Soldati's Piccolo Mondo Antico (Italy, 1941) has so much history and politics in its tale of a young man, Franco (Massimo Serato), disinherited and cheated, when he marries the gorgeous Luisa (the gorgeous Alida Valli). The film twists and turns over a decade and Franco gets himself involved in the political and military endeavours of the day. I wish I could pick it apart better, especially because you have to get some idea that something subversive is going on in this story of resisting those who threaten Italy. Among Soldati's collaborators on the film were Alberto Lattuada who gets credited as a scriptwriter and as the Assistant Director and Dino Risi, credited as an assistant. The film was screened on 35mm, a beautiful copy.

Becker's Falbalas (France, 1945) is oblivious to the turmoil occurring around the film-making. Raymond Rousseau plays an haute-couture fashion designer who becomes besotted with a young woman to whom he promises a wedding dress. She's the fiancee of his best friend and is played by the scrumptious Micheline Presle.

(Aaah that moment when I first saw Presle in a movie when she seduced Hardy Kruger in Losey's Blind Date way back in the early sixties. Still sticks in the mind. Becker builds what starts out as light comedy into a thundering climax. The restored DCP on show was excellent if possibly just a little light grey. No subtitles on the film which caused much straining to read the electronic version in two languages underneath the screen.

Then dinner...a snap

Photo by Neil McGlone. Missing Simon Taaffe, David Thompson

Bologna Diary (5) - William Wyler lights it up. Plus Asquith, Soldati and Becker on show

Carl Laemmle Jr
Selected from a more extensive season presented earlier this year at New York’s MOMA, the ever estimable Dave Kehr has put together a  programming strand of eleven films produced  at Universal Studios from the early to the mid-30s. All have a production credit for the son of the studio head, Carl Laemmle Junior. The directors whose work is on show represent many of the best working in Hollywood at the time and include European and British emigres. I cant help thinking that the eminence grise hovering over Laemmle’s ambitions was that of the mighty FW Murnau, ensconced at the time at Fox and changing the sensibility of the cinema forever. Not sure how far I can chase that thought down.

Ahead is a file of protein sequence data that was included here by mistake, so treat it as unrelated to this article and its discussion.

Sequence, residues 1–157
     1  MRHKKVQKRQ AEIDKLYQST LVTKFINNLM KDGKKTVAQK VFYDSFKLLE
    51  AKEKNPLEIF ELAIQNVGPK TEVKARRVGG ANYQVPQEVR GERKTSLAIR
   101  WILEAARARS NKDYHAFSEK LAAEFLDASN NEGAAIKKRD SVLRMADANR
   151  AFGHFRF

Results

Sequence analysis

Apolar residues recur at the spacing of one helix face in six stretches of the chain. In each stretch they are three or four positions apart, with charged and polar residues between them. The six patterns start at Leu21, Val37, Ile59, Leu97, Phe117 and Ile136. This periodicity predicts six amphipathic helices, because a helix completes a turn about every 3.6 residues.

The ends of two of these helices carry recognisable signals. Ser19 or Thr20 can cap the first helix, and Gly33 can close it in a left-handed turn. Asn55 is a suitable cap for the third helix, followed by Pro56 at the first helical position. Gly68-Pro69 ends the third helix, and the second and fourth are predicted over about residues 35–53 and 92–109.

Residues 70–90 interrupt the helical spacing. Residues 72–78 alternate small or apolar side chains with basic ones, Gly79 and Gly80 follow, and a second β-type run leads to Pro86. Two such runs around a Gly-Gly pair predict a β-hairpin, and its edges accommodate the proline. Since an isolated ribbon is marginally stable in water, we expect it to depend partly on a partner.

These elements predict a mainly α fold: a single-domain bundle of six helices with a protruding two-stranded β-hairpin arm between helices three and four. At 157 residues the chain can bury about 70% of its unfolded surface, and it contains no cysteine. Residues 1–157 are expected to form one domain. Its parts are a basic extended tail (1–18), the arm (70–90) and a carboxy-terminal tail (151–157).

The first two films in the series were both directed by William Wyler – the early sound film A House Divided  (USA, 1931) with Walter Huston, Douglass Montgomery and Helen Chandler. She plays a put upon 19 year old mail order bride, first rejected by the widowed Hustons but that’s quickly followed by his brusque marriage proposal (‘I’ll marry yuh’). Unfortunately in the moments between the widower’s son falls for the girl and she for him. With a lot of location shooting and the already apparent Wyler tendency to be more than a little emphatic, it’s a film of interest if not a major rediscovery for the pantheon.

However that may be somewhere for The Good Fairy (USA, 1935) where Wyler demonstrates that he has slipped into sound film with aplomb and has found a collaborator to maximise effect. That is Preston Sturges, a contriver of plots and a composer of lines the like of which has rarely been equalled. Working from a play by Ferenc Molnar the plot has Margaret Sullavan trying to escape the attention of suitor Frank Morgan by pretending to be married to smooth but poor lawyer Herbert Marshall. The dialogue has more than its share of risqué elements. Fabulous stuff.


More to come on a second Mario Soldati film Piccolo Mondo Antico made in Italy during WW2 and another Jacques Becker Falbalas from 1945 and a note to say that Antony Asquith’s Shooting Stars (UK, 1928) went over storm and was particularly well  accompanied by Donald Sosin’s improvisations at the piano. Donald got his own separate ovation.